As for your last point, space is cheap and a database need be only as "normal" as you need it. Besides, if you ask 5 different SQL gurus you'll get 5 different answers ... You do best as you see fit.

  5. #5
    Join Date
    Jan 2004
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    Well, Pubah, that leads me to my final question....

    How do you decide the fine line between normalizing and not normalizing?

    What I have found to be true is that most of the time I know whether I should or shouldn't, but sometimes I don't.

    If I do normalize, the SQL queries become more complicated to write.

    If I don't, the database is bloating more than it should.

    Sometimes I can't tell if normalizing will reduce redundancy.

    That's my final answer.

  6. #6
    Join Date
    Sep 2003
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    Originally posted by tdion
    Well, Pubah, that leads me to my final question....

    How do you decide the fine line between normalizing and not normalizing?

    What I have found to be true is that most of the time I know whether I should or shouldn't, but sometimes I don't.

    If I do normalize, the SQL queries become more complicated to write.

    If I don't, the database is bloating more than it should.

    Sometimes I can't tell if normalizing will reduce redundancy.

    That's my final answer.
    Experience! Basically normalizing will either decrease the size of the DB (eliminating duplicate data) and/or it will increase search speed (via relationships and keys - primary and foreign). So, if normalizing will not do either of these why bother? Please note: How complex a query is to retrieve data is irrelevant in relation to how data is properly structured ...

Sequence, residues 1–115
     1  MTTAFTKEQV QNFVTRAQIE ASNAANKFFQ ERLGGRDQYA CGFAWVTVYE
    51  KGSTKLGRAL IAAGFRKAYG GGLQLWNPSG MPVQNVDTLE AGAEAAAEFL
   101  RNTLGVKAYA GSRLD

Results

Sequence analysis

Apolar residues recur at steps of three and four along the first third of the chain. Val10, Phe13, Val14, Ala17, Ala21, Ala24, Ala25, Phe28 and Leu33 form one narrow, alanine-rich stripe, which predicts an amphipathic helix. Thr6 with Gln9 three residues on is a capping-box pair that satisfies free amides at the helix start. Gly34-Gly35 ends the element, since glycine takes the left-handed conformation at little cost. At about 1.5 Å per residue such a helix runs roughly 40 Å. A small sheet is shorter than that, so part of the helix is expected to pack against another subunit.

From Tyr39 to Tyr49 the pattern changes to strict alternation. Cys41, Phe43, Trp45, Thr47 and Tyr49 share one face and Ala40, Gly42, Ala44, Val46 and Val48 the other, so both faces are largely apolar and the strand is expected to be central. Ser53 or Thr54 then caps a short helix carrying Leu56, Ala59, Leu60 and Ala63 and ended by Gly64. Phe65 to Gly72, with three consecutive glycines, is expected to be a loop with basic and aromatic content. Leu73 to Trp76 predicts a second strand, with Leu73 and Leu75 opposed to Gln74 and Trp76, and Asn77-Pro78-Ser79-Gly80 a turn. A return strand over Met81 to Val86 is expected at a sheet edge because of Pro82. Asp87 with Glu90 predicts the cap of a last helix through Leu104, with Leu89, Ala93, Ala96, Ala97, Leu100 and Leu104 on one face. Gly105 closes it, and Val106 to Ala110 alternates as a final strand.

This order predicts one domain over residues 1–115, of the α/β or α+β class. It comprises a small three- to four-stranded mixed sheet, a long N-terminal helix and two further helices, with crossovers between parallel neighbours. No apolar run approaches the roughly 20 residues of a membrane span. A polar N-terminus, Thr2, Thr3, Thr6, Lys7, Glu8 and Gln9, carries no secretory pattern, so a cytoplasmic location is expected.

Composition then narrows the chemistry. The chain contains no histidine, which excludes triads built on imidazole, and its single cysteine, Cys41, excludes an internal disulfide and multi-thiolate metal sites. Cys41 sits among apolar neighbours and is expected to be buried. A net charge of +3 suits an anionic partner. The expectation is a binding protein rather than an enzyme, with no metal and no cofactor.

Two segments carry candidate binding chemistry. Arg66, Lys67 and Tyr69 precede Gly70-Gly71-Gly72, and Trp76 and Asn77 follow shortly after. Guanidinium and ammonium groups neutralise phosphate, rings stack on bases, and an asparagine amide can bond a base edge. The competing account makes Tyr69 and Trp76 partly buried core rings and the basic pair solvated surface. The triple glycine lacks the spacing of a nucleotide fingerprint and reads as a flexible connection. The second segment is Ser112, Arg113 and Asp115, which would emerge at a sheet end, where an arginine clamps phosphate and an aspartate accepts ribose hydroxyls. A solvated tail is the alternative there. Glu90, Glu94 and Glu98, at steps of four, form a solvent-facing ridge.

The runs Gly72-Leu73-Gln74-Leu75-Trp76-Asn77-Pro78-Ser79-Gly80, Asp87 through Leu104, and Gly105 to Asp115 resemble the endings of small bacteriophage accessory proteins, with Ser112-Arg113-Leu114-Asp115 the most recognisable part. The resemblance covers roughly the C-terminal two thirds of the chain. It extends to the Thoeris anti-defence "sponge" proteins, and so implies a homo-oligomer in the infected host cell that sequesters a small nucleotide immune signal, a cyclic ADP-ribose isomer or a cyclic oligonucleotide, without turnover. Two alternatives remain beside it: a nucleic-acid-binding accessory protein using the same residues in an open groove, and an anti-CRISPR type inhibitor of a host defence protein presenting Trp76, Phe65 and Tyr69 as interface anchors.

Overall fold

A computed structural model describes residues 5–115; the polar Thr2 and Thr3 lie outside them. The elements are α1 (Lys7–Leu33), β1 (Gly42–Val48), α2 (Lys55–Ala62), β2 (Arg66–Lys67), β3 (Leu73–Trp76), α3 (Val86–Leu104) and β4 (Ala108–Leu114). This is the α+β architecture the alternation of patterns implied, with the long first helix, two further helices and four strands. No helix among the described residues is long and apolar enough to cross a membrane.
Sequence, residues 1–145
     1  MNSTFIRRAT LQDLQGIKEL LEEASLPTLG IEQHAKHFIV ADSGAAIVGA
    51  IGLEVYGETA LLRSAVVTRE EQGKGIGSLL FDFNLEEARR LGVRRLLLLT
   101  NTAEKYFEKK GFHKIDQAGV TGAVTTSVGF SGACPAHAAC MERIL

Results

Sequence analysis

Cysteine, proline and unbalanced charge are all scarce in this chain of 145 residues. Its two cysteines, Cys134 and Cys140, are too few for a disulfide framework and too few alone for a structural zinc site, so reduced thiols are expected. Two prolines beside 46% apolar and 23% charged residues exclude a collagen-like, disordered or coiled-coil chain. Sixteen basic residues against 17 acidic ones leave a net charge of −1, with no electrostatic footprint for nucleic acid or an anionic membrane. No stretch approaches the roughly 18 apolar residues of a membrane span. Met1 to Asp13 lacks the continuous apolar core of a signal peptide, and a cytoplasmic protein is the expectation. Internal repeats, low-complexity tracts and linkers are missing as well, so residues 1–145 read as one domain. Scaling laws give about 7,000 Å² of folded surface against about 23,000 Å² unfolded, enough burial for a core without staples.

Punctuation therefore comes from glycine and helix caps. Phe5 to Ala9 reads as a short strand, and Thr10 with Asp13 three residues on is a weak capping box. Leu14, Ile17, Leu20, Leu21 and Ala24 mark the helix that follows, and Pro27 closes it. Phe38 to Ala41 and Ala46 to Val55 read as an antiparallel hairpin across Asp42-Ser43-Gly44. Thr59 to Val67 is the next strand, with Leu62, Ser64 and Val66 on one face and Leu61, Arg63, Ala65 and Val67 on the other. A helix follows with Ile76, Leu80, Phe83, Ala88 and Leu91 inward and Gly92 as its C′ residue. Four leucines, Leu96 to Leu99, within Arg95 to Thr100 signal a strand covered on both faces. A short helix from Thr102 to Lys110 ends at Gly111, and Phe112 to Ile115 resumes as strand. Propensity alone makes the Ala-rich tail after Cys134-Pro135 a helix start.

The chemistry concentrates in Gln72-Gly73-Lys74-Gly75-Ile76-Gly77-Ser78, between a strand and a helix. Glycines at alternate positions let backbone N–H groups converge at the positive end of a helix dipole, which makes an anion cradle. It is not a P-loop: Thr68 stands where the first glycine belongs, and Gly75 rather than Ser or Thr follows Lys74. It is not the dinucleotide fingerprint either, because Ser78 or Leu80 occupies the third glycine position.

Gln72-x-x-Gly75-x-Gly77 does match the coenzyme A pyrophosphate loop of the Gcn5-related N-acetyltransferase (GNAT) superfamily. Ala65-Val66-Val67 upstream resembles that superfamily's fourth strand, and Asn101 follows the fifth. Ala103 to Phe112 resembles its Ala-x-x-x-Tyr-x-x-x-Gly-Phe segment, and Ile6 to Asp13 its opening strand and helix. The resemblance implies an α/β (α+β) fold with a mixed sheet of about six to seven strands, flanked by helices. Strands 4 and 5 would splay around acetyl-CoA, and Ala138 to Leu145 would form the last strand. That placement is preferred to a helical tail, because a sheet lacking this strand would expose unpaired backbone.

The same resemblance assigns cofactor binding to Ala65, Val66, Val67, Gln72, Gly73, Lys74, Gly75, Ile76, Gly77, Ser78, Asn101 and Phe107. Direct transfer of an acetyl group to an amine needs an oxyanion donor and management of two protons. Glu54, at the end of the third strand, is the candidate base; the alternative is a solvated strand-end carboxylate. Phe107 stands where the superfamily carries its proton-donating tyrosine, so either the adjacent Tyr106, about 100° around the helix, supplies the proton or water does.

As for your last point, realize that normalizing data will always reduce/eliminate redundency ... Pretend that everything is in 1 flat file and normalize ... Boy, oh boy, that database shrinks rapidly. Think about this: For each line item of an order, if the customer info were duplicated on each line would that be a good thing? (rhetorical)

  7. #7
    Join Date
    Oct 2003
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    706
    [i]
    How do you decide the fine line between normalizing and not normalizing?
    If I do normalize, the SQL queries become more complicated to write... If I don't, the database is bloating more than it should... Sometimes I can't tell if normalizing will reduce redundancy.
    There are certainly reasons not to normalize your data. You touched on two of them. "Saving space," however, is generally not one of them. (The traditional tradeoff is "speed vs. space," and these days, "disks are big and fast and cheap." This was not always the case.)

    Another possible reason is that, "exceptions happen." One invoice might need to be mailed to a different address than usual, just this one time. A line-item description on that invoice might need to be edited, just for this invoice, without changing the status of the item itself. And so on and so forth... Flexibility is important to make sure that the system you design matches the real world. There are really no absolutes; not at all.

    Dogma is for churches and textbooks. Leave them there. Analyze your intended application, and any existing applications, to make sure that you can justify the decisions you have made, if only to yourself.